• [Spoilers] The shootout finale is an exciting payoff, but I was not expecting so many of the Seven to be killed off. No wonder they didn’t come back for the sequels.


  • “The Magnificent Seven” was not a hit in America, but fared better overseas. The film’s stateside popularity grew over time thanks to repeat viewings on television.
  • Among the film’s first fans was Akira Kurosawa, who bestowed John Sturges with a ceremonial sword as a congratulatory gift.
  • Sturges would reunite with Steve McQueen, James Coburn and Charles Bronson three years later for another classic action movie with an iconic Elmer Bernstein score: “The Great Escape”.
  • Despite its lackluster first outing, “The Magnificent Seven” spawned several sequels. 1966’s “Return of the Seven” featured Yul Brynner as the only returning cast member, followed by entirely different casts for 1969’s “Guns of the Magnificent Seven” and 1972’s “The Magnificent Seven Ride”.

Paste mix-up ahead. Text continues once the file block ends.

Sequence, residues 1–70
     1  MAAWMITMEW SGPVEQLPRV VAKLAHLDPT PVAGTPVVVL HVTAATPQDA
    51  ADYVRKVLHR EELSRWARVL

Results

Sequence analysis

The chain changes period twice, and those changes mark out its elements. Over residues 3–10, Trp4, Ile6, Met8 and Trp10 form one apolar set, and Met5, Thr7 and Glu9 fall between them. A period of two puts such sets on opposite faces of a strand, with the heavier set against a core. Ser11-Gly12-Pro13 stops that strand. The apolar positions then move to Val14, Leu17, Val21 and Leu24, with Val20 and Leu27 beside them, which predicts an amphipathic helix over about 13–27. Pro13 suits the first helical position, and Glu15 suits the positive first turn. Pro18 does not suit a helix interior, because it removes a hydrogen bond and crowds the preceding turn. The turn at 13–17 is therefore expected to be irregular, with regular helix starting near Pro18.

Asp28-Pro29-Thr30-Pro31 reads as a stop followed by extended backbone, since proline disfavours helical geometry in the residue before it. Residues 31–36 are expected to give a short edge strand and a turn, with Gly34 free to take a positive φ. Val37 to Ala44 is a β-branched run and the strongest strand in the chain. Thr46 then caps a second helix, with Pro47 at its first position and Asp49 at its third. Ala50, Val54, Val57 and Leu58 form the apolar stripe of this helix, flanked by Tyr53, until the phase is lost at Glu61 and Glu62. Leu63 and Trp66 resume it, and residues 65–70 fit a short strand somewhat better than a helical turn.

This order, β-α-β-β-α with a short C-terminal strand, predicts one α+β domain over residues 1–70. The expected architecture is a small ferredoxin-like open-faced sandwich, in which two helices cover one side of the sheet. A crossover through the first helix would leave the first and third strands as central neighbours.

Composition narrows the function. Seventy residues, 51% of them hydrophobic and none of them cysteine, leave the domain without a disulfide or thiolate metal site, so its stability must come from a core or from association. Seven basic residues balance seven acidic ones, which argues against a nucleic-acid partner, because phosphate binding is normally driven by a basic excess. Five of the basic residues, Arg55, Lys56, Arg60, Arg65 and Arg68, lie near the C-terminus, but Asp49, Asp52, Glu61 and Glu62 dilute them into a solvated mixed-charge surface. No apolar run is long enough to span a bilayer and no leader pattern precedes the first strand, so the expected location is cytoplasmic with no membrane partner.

• CBS aired a “Magnificent Seven” TV series in the late ’90s, which featured guest appearances by original cast member Robert Vaughn.
  • “Magnificent Seven” got a full remake in 2016 with a cast including Denzel Washington, Chris Pratt, and Ethan Hawke. By most accounts it was…fine.
  • Yul Brynner would riff on his gunslinger image from this film playing a robotic cowboy in “Westworld”. Now if only they had made him do gratuitous nude scenes…
  • But of course, the main takeaway from “The Magnificent Seven” is the score. Elmer Bernstein’s work got a second life in 1963 when it was used for Marlboro cigarette commercials. Many films and TV shows have needle-dropped the theme over the years, and it’s referenced at the start of the 1967 song “Sweet Soul Music”. Spotlight on Arthur Conley, y’all.

Further Viewing: I had every intention of watching “Seven Samurai” in addition to “Magnificent Seven”, but a 3 1/2 hour movie? Come on, Kurosawa, I just got through “Empire“.